You can imagine how I felt when I saw that he looked upon me as a foolish fantast. I began to be convinced that the old man was right, and that it was only my absurd imagination which insisted on raising up mysteries about the deserted house.
I hurried home full of anger and disgust, and promised myself that I would not think of the mysterious house, and would not even walk through the avenue for several days. I kept my vow, spending my days working at my desk, and my evenings in the company of jovial friends, leaving myself no time to think of the mysteries which so enthralled me. Ad yet, it was just in these days that I would start up out of my sleep as if awakened by a touch, only to find that all that had aroused me was merely the thought of that mysterious being whom I had seen in my vision and in the window of the deserted house.
Even during my work, or in the midst of a lively conversation with my friends, I felt the same thought shoot through me like an electric current. I condemned the little mirror in which I had seen the charming picture to a prosaic daily use. I placed it on my dressing-table that I might bind my cravat before it, and thus it happened one day, when I was about to utilize it for this important business, that its glass seemed dull, and that I took it up and breathed on it to rub it bright again. My heart seemed to stand still, every fiber in me trembled in delightful awe.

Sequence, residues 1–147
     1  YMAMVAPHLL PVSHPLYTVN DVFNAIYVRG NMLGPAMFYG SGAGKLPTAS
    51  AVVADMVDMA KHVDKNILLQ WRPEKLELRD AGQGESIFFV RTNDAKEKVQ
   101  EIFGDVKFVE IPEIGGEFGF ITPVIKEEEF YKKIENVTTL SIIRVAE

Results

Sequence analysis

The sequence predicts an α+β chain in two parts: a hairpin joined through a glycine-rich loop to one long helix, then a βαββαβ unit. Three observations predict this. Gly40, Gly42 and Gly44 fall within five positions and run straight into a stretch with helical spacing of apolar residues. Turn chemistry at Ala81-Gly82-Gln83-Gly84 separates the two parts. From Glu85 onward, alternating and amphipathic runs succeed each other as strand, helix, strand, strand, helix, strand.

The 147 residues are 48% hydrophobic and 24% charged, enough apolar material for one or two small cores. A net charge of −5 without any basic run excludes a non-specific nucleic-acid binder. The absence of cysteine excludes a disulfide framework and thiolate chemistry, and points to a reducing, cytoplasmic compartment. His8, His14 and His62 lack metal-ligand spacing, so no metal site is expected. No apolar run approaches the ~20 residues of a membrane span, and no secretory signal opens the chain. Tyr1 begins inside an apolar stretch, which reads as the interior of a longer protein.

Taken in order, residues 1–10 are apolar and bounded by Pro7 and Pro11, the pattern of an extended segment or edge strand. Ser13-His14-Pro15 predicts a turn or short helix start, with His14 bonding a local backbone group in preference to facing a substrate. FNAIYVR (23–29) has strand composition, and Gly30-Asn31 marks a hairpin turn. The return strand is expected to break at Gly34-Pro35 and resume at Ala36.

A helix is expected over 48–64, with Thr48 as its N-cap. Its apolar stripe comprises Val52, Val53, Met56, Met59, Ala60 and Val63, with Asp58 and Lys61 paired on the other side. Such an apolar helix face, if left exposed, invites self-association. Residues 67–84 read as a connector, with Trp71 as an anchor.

Yes, that is all the name I can find for the feeling that came over me, when, as my breath clouded the little mirror, I saw the beautiful face of my dreams arise and smile at me through blue mists. You laugh at me? You look upon me as an incorrigible dreamer? Think what you will about it — the fair face looked at me from out of the mirror! But as soon as the clouding vanished, the face vanished in the brightened glass.
I will not weary you with a detailed recital of my sensations the next few days. I will only say that I repeated again the experiments with the mirror, sometimes with success, sometimes without. When I had not been able to call up the vision, I would run to the deserted house and stare up at the windows; but I saw no human being anywhere about the building. I lived only in thoughts of my vision; everything else seemed indifferent to me. I neglected my friends and my studies. The tortures in my soul passed over into, or rather mingled with, physical sensations which frightened me, and which at last made me fear for my reason.